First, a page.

Mindful Money: “You say that firms need to look at performing a judo throw to take on big concerns by using their own model to compete with them. How does this work?
Julie Meyer: “I get so tired of everyone worshipping Google or being afraid of them. The way to deal with Google is to look at their model. They say they organise the world’s information but they do more than that – they organise the economics of the world’s information. Our data is being used to drive a $100bn dollar market capitalisation. They are giving people free search and nobody is challenging them on this point. Their Achilles heel is they don’t give an economic value to the use of our consumer data. If a collective did give an economic upside to our data, it would be pretty difficult for them to come back at that.
“The judo move is to use the energy of their own business model to outdo them. It bothers me that the discussion we are having with Google right now is that we are all teenagers reacting against the parent. We are all upset with our parents telling us what to do, when actually we have the moral high ground, if we give value to the consumer data. The discussion is vapid and superficial, a case of reaction and response. Google are laughing at the world. There is a smarter thing we could do, if we got our act together.”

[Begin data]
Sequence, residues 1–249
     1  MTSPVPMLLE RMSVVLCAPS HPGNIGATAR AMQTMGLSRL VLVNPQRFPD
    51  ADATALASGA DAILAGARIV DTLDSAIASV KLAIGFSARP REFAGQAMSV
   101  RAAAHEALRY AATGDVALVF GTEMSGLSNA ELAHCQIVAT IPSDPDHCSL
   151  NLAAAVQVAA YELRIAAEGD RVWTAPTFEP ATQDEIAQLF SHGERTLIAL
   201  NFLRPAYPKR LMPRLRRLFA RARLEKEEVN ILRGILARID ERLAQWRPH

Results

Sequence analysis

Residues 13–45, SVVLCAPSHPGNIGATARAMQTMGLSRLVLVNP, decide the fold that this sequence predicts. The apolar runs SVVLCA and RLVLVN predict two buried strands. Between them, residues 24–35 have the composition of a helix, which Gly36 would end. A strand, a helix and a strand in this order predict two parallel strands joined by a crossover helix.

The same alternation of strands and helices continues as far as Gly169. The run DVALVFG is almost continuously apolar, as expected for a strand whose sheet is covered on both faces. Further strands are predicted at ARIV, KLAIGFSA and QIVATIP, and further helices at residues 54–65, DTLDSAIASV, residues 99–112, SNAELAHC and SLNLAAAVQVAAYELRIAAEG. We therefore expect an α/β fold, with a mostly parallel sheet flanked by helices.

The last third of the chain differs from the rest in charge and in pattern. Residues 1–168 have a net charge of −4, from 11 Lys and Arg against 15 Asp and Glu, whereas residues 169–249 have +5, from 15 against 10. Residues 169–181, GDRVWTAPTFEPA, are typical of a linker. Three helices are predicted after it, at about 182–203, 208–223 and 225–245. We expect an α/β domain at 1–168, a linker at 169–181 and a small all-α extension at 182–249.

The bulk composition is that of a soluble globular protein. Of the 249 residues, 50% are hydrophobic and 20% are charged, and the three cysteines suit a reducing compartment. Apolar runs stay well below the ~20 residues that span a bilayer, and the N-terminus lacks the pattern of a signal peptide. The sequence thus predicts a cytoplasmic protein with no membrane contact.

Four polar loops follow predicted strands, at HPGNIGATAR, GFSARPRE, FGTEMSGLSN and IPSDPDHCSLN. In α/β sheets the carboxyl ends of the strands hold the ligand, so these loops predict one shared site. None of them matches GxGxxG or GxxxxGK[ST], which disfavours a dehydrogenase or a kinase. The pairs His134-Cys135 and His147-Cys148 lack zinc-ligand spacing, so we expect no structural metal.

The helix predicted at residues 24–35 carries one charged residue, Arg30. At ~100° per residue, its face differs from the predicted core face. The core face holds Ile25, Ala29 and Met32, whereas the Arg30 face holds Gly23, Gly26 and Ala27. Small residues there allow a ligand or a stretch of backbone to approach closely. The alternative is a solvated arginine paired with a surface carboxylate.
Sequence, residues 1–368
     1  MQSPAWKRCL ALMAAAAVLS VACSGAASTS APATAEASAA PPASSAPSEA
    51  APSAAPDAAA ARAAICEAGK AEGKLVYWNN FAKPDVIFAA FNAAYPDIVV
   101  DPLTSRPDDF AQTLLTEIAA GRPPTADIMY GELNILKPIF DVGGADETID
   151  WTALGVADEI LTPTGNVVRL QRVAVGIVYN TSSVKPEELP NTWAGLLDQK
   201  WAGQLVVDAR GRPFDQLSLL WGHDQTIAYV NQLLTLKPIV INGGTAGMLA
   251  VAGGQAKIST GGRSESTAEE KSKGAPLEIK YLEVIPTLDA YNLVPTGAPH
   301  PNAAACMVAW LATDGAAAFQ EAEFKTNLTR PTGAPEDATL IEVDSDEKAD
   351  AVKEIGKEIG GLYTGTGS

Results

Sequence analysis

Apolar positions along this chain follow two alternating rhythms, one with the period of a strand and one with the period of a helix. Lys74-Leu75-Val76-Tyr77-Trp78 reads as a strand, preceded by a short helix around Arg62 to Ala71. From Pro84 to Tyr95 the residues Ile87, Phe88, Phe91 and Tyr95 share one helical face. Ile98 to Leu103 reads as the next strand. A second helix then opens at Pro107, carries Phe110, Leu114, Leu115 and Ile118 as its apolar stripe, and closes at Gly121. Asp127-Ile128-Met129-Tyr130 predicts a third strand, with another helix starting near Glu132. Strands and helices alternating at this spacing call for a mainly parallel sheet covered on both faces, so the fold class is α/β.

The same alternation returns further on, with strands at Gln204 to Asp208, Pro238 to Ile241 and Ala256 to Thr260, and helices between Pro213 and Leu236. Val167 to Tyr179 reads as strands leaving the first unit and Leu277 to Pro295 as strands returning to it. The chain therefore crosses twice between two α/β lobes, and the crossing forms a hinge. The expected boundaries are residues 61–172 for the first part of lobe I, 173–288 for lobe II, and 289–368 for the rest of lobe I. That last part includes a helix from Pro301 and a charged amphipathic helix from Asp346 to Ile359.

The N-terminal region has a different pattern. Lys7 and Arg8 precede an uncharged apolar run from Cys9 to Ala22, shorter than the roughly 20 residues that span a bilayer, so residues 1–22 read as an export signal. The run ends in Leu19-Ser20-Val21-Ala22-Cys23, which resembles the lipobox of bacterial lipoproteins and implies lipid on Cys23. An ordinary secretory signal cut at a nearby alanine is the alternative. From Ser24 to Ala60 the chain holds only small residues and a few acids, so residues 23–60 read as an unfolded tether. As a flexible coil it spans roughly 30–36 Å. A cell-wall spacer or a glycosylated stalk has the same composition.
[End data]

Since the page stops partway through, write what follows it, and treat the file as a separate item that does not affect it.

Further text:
Mindful Money: You say start up firms don’t need to be destructive, but to look for ideas that benefit the whole ecosystem. How does that work?
“When I set up Ariadne Capital, we were still coming out of the Dot.com boom. David wanted to kill Goliath. Then we had this wilderness period in 2001, 2002. We caught some successes like Skype. But from 2000 to 2008, we shifted from derivative technologies taking advantage of the Big Bang of destruction that followed the development of the micro-processor in the 1970s to now, where the corporate are establishing a new common fence. My company has to play on both sides. The corporate are going to become platforms, the Davids are very important, but need the scale of the corporate platforms. I couldn’t just invest in the Davids. I also had to advise the corporates on how to become platforms. In 2009, I could either have flown off to Italy or rethought the whole approach to what was going on.”